Rangers are investigating vandalism at Arches National Park after discovering large graffiti that was carved so deeply into a famous red rock arch that it may be impossible to erase.
Ranger superintendent Kate Cannon says that the carvings are “very large and deep,” measuring about four feet across and three feet high, and carved so deeply that authorities estimate it would have taken an hour or more to carve, according to an article by Reuters.
The destruction discovered on April 15 was at the Frame Arch. Defacing surfaces is illegal, and anyone caught vandalizing a national park can face up to six months in jail and a $5,000 fine. Unfortunately this latest incident is just part of a growing number of acts of vandalism in Arches and other national parks in recent years.
Two years ago, eight national parks – mostly in the western US – had similar incidents and began the delicate task of cleaning up graffiti and paintings marring their famous landscapes. Most of the damage was initially discovered through images shared on social media.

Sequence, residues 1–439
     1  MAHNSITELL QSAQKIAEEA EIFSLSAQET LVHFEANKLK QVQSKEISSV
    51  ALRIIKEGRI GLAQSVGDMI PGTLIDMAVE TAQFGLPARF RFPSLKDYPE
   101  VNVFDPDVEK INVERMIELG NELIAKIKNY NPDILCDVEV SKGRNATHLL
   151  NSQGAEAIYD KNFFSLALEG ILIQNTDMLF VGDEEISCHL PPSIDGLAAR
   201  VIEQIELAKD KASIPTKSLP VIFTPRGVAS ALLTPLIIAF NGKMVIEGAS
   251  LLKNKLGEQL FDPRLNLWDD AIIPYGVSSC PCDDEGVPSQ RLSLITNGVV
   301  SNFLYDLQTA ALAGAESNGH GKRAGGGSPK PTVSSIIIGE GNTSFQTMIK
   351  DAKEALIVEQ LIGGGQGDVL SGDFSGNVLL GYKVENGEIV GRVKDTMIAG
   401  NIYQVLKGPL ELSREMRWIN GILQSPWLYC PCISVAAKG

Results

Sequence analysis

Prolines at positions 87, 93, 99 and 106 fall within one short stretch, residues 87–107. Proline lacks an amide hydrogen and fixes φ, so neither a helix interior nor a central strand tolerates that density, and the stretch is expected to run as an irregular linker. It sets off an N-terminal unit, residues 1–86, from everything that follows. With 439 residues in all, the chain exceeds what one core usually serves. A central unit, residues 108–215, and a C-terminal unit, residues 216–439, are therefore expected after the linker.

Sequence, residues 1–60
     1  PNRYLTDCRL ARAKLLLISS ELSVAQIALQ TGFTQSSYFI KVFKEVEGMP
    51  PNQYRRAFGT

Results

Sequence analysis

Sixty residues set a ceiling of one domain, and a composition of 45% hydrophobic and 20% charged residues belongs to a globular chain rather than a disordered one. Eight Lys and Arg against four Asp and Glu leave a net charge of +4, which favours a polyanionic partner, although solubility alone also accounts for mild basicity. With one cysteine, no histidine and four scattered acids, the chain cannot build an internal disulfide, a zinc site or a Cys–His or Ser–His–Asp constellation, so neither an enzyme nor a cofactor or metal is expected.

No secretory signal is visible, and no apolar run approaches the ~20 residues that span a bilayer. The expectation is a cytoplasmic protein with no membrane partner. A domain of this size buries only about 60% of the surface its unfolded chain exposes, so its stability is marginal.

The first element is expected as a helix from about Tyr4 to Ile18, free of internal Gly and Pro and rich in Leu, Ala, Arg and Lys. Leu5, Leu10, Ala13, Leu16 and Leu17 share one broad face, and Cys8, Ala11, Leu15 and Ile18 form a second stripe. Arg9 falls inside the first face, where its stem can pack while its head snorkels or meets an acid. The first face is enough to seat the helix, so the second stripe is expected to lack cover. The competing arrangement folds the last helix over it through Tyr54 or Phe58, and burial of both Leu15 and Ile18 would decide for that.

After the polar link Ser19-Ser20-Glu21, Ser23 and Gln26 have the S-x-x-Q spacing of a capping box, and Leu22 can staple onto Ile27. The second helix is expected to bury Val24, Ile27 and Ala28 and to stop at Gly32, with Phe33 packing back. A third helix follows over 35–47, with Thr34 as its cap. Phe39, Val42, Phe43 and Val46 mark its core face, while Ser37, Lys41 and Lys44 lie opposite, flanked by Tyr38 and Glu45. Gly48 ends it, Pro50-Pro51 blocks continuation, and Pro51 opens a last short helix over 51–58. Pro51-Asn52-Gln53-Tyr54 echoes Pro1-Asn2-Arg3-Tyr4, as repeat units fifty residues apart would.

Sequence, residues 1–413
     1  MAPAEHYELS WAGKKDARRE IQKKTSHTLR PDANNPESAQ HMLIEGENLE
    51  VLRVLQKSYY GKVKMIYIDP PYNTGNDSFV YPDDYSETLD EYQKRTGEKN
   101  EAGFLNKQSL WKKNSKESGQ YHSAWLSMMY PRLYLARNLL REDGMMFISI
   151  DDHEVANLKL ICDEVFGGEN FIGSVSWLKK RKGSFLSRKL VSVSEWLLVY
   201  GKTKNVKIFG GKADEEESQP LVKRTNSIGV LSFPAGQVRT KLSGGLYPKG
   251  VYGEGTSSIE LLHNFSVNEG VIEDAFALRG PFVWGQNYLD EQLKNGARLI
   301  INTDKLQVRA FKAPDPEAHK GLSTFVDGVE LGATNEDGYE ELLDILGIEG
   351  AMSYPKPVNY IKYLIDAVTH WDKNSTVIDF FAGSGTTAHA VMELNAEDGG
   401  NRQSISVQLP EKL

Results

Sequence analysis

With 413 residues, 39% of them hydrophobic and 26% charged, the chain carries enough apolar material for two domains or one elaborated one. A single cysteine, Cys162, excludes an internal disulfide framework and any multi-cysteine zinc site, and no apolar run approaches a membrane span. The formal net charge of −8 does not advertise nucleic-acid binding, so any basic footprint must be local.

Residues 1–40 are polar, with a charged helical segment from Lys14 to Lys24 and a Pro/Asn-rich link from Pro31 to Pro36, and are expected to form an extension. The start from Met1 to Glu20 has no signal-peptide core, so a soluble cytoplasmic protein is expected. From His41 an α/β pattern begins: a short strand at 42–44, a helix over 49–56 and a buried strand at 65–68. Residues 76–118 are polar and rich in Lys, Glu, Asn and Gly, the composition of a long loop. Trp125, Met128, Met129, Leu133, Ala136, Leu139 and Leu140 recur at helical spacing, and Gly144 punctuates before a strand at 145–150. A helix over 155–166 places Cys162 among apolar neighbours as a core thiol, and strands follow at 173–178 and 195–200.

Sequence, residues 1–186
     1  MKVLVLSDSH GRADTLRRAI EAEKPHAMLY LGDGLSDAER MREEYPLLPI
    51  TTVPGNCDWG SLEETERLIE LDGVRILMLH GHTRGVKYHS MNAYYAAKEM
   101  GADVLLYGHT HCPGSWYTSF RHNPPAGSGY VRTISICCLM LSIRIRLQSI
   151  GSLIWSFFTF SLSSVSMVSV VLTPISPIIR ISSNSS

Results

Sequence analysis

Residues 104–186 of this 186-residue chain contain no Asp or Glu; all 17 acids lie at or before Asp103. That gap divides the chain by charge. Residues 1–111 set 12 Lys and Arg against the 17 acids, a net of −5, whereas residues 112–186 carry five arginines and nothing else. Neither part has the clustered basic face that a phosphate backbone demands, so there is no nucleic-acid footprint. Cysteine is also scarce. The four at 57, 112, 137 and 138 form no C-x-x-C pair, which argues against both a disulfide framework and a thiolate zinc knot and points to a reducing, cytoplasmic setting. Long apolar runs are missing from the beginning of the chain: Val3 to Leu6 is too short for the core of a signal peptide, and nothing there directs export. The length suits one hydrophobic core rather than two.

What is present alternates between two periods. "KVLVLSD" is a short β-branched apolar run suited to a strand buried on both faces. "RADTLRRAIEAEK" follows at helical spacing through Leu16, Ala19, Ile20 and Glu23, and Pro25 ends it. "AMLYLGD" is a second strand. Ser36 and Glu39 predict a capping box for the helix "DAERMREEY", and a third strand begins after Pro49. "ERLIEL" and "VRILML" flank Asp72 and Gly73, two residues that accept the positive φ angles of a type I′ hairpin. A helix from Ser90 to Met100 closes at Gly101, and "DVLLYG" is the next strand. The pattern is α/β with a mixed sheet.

Social media seems to be the driver in the increased vandalism taking place in our national parks, where individuals do the damage and then post pictures of their “work.” Cannon says that seeing this destruction is “really overwhelming” and she hopes that public outrage and increased ranger and visitor vigilance can ease the problem.
The damaged Arches rock formation is located near a popular hiking trail in the park where visitors often stop to look through it to view the iconic stand-alone formation Delicate Arch.
Park workers will try to reduce the carvings visibility by grinding down the rock around it, but that likely will cause some further damage to the rock surface. They may also attempt to fill the deep etchings with a material that blends with the rock – a worrisome solution since it is unclear if that could last. The damage is so great that it is probable any repair will be noticeable.
Superintendent Cannon says that rangers are always out in the park on patrol but unfortunately “can’t be everywhere” so they must rely on good behavior by visitors and their assisting the rangers by immediately reporting any acts of vandalism they see taking place.
Cannon thinks increasing public awareness about how damaging graffiti is and emphasizing that it is illegal may be the only way to stop it.
Photo credit: UtahArches.com